The tolling of church bells made the teacher pause and develop an inner urge to go to church
With new buds appearing and trees leafing out heralding spring in South Korea, atheist Kim Min-ji is looking forward to turning over a new leaf by becoming a Catholic.
The turnaround in the life of the 31-year-old woman began with her new career as a teacher at the Suwon diocese-run Anbeop High School.
“I’d like being a teacher helping students find their talents and to be faithful, keeping an eye on others with a warm heart. I’m somewhat nervous as I’m a beginner in the school and the Church,” she told UCA News as she prepares to be baptized into the Catholic Church this Easter Vigil on April 8.
On Feb 21, the day before Ash Wednesday, Kim started work as a teacher in the 124-year-old Church-run school, which Servant of God and French missionary Father Antonio Gombert founded in Gyeonggi province’s Anseong city in 1909.
Her decision to become a Catholic was not sudden but the culmination of a journey she began after graduating from university and majoring in Chinese.
Thereafter, for five years she worked in an office before quitting that job to become a school teacher.
“I wanted to live a life serving society. I thought the teaching profession is the most important thing in society,” Kim said.
She joined a graduate school in 2020 to be trained as a certified teacher. At the time, she also volunteered to work at a local library teaching Chinese to children.
The interaction with children and teaching them the language set her “more in tune with society, and develop a sense to love others,” she said.
“Until then, I didn’t know that I loved others that much. I wanted to give more to the children and tried to find a source of love that doesn’t dry up. That search ended in the Church,” she revealed.
While preparing for the teacher’s certificate examination, Kim heard the bells toll daily at the nearby Ojeondong Church in Suwon. It made her pause and develop an inner urge to go to church.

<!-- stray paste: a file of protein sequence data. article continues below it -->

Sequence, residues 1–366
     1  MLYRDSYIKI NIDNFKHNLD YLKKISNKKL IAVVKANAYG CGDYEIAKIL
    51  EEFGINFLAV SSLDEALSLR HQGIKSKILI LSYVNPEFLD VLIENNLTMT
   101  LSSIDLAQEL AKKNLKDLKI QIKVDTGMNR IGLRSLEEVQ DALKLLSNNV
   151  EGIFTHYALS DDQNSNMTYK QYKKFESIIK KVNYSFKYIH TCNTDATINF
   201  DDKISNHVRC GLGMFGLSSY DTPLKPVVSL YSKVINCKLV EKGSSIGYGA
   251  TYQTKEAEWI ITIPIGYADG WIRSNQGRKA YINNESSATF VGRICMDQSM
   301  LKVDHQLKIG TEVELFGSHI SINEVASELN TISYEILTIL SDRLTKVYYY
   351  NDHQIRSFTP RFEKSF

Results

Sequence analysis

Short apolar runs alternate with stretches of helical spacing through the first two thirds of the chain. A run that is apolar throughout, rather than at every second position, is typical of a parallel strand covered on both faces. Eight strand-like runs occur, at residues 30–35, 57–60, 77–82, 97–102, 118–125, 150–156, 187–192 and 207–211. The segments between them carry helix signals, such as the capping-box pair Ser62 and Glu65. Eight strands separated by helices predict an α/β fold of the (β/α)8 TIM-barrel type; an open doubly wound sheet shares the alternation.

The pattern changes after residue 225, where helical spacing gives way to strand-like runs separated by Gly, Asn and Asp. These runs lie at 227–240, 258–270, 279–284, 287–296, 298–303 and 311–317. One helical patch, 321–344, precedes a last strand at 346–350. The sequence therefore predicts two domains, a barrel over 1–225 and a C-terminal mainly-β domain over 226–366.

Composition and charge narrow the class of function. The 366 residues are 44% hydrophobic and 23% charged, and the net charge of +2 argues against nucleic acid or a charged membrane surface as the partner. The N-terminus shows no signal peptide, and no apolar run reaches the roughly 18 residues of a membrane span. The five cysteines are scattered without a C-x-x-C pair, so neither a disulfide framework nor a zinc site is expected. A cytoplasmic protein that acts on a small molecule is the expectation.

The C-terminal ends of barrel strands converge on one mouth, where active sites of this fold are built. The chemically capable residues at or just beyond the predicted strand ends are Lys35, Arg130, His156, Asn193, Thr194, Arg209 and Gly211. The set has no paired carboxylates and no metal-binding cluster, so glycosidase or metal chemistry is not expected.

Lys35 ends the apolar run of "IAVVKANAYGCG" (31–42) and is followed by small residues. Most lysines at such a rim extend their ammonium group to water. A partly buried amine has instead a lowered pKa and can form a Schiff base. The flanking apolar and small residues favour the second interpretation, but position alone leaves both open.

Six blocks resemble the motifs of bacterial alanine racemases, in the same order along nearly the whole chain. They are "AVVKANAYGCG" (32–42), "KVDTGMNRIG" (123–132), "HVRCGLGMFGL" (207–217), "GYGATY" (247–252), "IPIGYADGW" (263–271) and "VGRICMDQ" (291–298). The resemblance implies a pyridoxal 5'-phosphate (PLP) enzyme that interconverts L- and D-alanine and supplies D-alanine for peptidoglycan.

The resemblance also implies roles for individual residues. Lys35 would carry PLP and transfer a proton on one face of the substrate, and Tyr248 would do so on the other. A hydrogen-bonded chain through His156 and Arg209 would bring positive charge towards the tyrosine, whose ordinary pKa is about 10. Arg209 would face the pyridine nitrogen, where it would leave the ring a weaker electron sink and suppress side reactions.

This urge, which kept growing, eventually led her to a catechumen class in the parish.
In December last year, she visited the parish church and asked how she could be a Catholic. The parish priest suggested she join a catechumen program that began in January.
While attending Mass as a catechumen since January, she says she has experienced a lot of love from the parishioners.
“They've helped me adapt to the catechumen classes and guided me at every level. If this church is that much warmer, I thought, I have to go to this church,” she said.
“Most of all, when I pray to God, I feel something overwhelming in my heart,” she added.
“I’m not an emotional person but whenever I pray inside a church, tears roll out without even me knowing about it. Maybe because I think God loves me regardless of what I do and cares for me with love.”
As a Catholic teacher, she chose Margaret as her baptismal name to help her follow the spirituality of French saint Marguerite Bourgeoys, who founded the Congregation of Notre Dame of Montreal and educated young girls and indigenous people in Canada.
“Whenever I pray to God, I’m asking for sound heart and health to embrace all the students. I’d like to be a teacher helping students have self-confidence by seeking and developing their talents and I want to be a good faithful person, sharing God’s love with others in the hope that God is always with me,” she said.
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